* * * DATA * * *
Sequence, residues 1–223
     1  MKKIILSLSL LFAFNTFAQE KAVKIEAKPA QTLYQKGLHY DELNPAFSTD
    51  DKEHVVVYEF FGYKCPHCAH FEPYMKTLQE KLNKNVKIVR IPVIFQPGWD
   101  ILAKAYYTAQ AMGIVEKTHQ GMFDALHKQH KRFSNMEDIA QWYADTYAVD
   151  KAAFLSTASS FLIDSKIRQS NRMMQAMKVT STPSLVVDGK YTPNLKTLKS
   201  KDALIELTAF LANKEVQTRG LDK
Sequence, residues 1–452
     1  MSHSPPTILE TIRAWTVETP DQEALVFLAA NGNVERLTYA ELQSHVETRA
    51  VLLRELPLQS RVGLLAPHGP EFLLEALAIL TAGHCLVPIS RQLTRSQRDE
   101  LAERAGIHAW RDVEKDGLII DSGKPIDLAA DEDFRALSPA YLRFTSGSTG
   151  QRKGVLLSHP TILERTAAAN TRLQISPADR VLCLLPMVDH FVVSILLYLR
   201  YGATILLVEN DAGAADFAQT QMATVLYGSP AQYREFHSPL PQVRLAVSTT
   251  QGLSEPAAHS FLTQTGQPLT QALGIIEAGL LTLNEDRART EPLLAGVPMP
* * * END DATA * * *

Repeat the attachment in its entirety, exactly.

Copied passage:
Sequence, residues 1–223
     1  MKKIILSLSL LFAFNTFAQE KAVKIEAKPA QTLYQKGLHY DELNPAFSTD
    51  DKEHVVVYEF FGYKCPHCAH FEPYMKTLQE KLNKNVKIVR IPVIFQPGWD
   101  ILAKAYYTAQ AMGIVEKTHQ GMFDALHKQH KRFSNMEDIA QWYADTYAVD
   151  KAAFLSTASS FLIDSKIRQS NRMMQAMKVT STPSLVVDGK YTPNLKTLKS
   201  KDALIELTAF LANKEVQTRG LDK
Sequence, residues 1–452
     1  MSHSPPTILE TIRAWTVETP DQEALVFLAA NGNVERLTYA ELQSHVETRA
    51  VLLRELPLQS RVGLLAPHGP EFLLEALAIL TAGHCLVPIS RQLTRSQRDE
   101  LAERAGIHAW RDVEKDGLII DSGKPIDLAA DEDFRALSPA YLRFTSGSTG
   151  QRKGVLLSHP TILERTAAAN TRLQISPADR VLCLLPMVDH FVVSILLYLR
   201  YGATILLVEN DAGAADFAQT QMATVLYGSP AQYREFHSPL PQVRLAVSTT
   251  QGLSEPAAHS FLTQTGQPLT QALGIIEAGL LTLNEDRART EPLLAGVPMP